How food affects your mood: Healthy Diet Plan

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How does food influence my mental well-being?

Food, by its very nature, is a powerful reward – eating delicious meals triggers the pleasure centres in our brain to release dopamine. This brain chemical manages our sense of satisfaction and without it we lose interest, lack motivation and feel lacklustre.

Without doubt some of the pleasure we get from eating certain foods, like chocolate and cake, comes from our culture – we grow up associating these foods with special occasions and rewards. However, the role of food goes beyond being just a ‘comfort’, our mental well-being and what we eat appear to be intimately entwined. Read on to discover what the science tells us.

What is the research on food and mood?

Over the last decade, our understanding of the complex relationship we have with food has grown exponentially. Recent studies reveal how intricately connected our gut, brain, nervous system and behaviour are. This connection is thought to be multi-modal and operates via physical, chemical and even microbial means.

Our gut and brain are physically linked by millions of nerves, the most important of which is the vagus nerve. Chemicals including serotonin, the smile-inducing, feel-good brain chemical, are produced in both the brain and the gut, and communicate via the nervous system, whilst beneficial gut microbes play an important regulatory role. But these trillions of microbes don’t stop there, they also influence our emotional well-being by producing neuroactive substances, including short chain fatty acids (SCFA), which help lift dark moods.

This intricate network of activity relies heavily on the food we eat, with key nutrients like omega-3 fatty acids, protein, vitamin D, the B complex of vitamins, zinc, iron and fibre all playing a part in helping to keep us positive and happy.

How can I support my mood with food?

Start by making these five simple changes to what and how you eat:

1. Eat a minimum of 5-a-day

Cinnamon porridge with baked bananas

Studies show that when we eat more fruit and vegetables, we experience a positive effect on our mental health. Including a variety of colourful vegetables in our diet may even help to lower levels of depression. The exact mechanism behind this isn’t fully understood, but it may be because fresh produce is packed with protective antioxidants which help to keep the brain in good health. Certain fruit and vegetables may be even more helpful. Take bananas – they’re a good source of vitamin B6 and supply tyrosine and tryptophan, all of which are needed to make the feel-good brain chemicals dopamine and serotonin. Another helpful hack is to include fruit and vegetables that are rich in the phytochemical quercetin which inhibits the enzyme that breaks down feel-good hormones. Kale, berries, apples, onions and grapes are all good sources of quercetin.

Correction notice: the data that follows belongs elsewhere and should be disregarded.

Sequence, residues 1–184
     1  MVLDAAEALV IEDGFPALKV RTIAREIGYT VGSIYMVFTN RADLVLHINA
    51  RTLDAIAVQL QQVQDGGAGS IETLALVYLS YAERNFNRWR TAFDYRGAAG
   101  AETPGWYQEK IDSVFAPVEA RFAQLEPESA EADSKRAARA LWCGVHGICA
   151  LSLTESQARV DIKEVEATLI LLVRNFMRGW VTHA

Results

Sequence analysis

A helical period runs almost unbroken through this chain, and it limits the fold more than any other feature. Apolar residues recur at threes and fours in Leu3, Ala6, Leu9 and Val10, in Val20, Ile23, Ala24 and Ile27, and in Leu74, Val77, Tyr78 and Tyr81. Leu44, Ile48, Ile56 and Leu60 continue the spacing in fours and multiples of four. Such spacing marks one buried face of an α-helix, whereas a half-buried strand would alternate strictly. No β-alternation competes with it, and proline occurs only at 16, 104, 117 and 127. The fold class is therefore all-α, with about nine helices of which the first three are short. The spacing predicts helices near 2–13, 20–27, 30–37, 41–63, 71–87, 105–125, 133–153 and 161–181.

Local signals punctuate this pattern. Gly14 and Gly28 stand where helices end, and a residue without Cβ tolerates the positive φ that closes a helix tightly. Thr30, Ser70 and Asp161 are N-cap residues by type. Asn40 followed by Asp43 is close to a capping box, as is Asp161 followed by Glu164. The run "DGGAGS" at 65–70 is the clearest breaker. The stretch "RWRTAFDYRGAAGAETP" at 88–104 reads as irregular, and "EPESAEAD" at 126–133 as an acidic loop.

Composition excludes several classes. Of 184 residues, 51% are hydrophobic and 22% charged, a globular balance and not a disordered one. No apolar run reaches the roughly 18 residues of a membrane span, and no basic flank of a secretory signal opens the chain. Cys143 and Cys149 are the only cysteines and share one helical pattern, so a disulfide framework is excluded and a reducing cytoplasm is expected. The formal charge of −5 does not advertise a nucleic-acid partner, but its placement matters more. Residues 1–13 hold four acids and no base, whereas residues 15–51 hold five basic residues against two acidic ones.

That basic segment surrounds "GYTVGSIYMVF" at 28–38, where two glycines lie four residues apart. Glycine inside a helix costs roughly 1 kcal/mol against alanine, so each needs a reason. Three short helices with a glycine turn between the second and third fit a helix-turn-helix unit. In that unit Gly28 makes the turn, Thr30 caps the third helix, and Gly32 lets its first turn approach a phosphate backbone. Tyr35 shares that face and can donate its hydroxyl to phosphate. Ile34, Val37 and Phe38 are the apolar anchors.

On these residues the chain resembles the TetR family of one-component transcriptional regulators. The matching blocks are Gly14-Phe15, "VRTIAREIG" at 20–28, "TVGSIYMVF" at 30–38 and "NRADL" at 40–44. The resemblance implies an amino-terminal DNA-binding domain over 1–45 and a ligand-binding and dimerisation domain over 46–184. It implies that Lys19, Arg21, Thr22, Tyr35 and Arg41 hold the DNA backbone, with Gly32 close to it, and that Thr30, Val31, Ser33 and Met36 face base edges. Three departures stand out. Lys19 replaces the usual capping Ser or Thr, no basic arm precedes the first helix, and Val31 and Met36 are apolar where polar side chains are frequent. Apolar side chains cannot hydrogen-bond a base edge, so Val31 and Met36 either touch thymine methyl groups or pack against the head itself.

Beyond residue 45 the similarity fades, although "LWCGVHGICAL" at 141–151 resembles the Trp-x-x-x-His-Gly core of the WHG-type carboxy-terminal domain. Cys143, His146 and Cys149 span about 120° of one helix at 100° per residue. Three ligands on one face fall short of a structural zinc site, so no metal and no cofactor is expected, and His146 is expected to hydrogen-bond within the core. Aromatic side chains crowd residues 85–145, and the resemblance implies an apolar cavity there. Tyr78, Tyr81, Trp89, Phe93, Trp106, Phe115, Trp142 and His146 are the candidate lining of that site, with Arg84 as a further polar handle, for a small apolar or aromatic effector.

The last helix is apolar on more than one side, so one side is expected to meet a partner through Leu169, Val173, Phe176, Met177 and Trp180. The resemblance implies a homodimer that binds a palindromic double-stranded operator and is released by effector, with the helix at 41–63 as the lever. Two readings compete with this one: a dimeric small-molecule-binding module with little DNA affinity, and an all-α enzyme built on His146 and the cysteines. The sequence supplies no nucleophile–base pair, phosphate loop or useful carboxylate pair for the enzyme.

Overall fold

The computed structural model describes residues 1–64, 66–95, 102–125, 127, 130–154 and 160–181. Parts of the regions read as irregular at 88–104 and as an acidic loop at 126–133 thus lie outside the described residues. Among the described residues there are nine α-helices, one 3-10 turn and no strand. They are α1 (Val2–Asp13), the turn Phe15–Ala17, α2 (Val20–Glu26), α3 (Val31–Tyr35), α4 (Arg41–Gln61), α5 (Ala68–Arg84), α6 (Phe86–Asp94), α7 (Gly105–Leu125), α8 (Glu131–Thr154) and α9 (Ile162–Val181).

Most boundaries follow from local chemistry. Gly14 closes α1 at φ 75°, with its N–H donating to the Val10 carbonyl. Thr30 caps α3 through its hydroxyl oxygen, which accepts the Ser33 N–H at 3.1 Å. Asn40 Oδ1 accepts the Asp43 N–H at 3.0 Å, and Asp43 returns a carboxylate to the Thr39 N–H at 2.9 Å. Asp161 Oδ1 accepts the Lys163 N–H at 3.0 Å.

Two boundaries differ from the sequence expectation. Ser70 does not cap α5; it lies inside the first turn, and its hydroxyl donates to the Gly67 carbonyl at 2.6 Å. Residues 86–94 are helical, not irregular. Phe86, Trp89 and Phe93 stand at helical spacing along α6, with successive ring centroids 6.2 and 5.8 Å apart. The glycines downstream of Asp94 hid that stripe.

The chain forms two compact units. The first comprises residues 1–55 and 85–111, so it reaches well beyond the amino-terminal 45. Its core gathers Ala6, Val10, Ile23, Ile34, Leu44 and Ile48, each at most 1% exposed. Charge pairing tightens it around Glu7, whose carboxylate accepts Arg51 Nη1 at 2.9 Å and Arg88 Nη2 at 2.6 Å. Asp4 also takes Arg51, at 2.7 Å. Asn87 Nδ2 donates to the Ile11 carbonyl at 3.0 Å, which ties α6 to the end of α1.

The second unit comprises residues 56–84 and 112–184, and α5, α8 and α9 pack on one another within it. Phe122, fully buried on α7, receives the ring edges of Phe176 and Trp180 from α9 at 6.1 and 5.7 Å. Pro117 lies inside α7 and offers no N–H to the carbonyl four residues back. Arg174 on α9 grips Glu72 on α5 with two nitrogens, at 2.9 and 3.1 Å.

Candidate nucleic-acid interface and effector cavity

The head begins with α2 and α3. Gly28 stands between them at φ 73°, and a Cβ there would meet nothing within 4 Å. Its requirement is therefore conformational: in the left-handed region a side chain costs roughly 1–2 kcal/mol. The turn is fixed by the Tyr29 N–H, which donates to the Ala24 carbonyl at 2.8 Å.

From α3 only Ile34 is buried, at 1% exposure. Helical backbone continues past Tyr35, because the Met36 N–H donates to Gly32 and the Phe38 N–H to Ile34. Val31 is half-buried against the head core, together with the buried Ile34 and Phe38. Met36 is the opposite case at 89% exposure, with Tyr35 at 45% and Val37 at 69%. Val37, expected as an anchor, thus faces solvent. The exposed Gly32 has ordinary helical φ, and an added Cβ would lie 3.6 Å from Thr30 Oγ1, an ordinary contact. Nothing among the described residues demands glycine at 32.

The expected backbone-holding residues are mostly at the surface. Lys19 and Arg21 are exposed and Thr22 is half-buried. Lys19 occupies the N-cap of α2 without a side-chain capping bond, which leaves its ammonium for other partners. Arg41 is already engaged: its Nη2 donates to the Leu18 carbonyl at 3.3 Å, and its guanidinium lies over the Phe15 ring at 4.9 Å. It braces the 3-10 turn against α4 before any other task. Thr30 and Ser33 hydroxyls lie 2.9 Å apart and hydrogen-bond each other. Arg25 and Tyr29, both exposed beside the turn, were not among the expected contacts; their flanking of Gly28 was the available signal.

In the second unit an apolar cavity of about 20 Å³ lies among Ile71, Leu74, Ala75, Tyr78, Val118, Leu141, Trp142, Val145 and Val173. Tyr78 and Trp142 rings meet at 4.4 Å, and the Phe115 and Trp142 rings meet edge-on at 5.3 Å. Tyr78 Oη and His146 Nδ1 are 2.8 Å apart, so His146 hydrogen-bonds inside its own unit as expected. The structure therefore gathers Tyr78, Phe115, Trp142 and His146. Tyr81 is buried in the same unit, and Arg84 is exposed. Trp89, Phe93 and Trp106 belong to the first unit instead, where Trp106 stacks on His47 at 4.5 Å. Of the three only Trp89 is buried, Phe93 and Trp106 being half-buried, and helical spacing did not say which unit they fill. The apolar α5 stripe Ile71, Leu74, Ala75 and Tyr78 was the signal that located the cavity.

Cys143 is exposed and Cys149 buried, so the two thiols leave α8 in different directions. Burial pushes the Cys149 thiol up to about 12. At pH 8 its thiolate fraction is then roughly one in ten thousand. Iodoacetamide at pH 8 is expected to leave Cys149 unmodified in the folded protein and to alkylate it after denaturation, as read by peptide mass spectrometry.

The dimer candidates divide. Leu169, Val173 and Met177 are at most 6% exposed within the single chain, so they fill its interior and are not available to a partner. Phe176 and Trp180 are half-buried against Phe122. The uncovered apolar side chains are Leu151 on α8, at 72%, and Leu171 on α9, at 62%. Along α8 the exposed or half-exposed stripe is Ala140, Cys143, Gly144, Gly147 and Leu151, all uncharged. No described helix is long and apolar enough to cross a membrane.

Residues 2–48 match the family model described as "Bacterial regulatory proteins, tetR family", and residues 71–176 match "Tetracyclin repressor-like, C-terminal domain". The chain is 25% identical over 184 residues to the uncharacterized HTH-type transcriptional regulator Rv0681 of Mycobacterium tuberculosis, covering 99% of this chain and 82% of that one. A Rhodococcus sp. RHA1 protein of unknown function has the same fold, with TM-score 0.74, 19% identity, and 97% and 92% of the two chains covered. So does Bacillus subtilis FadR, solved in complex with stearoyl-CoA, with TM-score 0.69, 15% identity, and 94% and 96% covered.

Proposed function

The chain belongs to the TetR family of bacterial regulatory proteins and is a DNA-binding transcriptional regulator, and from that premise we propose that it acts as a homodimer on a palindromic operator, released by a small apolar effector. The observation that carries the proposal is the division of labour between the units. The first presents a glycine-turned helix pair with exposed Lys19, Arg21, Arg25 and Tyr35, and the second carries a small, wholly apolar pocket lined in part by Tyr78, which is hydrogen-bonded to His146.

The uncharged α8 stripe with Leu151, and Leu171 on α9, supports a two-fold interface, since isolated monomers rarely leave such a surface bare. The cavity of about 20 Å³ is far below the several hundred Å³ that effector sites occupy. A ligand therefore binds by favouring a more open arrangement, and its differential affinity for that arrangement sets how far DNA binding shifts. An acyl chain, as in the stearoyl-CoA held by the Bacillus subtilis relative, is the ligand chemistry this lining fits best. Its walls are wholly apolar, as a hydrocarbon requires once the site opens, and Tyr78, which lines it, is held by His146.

Top tip: choose whole fruit and vegetables, rather than juices. Frozen fruit and vegetables are a great choice when the fresh equivalent is out of season. Give it a go with our recipe for warm cinnamon porridge with baked bananas.

2. Eat the right fats

Puy lentils with seared salmon fillets and veg

The type of fats we eat can affect our mood. That’s because the right fat contributes to the flexible structure of our brain cells and plays an important role in brain development. We typically refer to these fats as essential because we have to get them from the foods we eat. Of particular note are the omega-3 fatty acids which are found in oily varieties of fish such as salmon, trout and sardines. These supply potent forms of omega-3, which is linked to lower levels of depression. Oily fish is also a valuable source of vitamin D, which appears to be helpful in supporting the cognition of older adults.

If you prefer not to eat fish or follow a plant-based diet, look to chia seeds, flaxseeds, hemp seeds and walnuts instead. However, be aware that plant sources supply a less active form of omega-3, so you may need to consider a supplement. A handful of nuts and seeds has additional benefits – they supply mood-boosting nutrients such as tryptophan, the precursor to serotonin, as well as zinc and iron.

Top tip: make at least one portion of your weekly fish intake an oily variety, such as our seared salmon with puy lentils.

3. Eat a low-GI diet

Pear and peanut crunch in two crackers

Reducing your sugar intake, eating regular meals and minimising your consumption of refined carbohydrates will help to stabilise blood sugar levels and prevent mood swings. Choose fibre-rich foods with lower GI values and opt for whole foods rather than processed options. Eating this way slows your digestion and allows for a steady and sustained release of glucose which your brain, mood and energy levels will thank you for.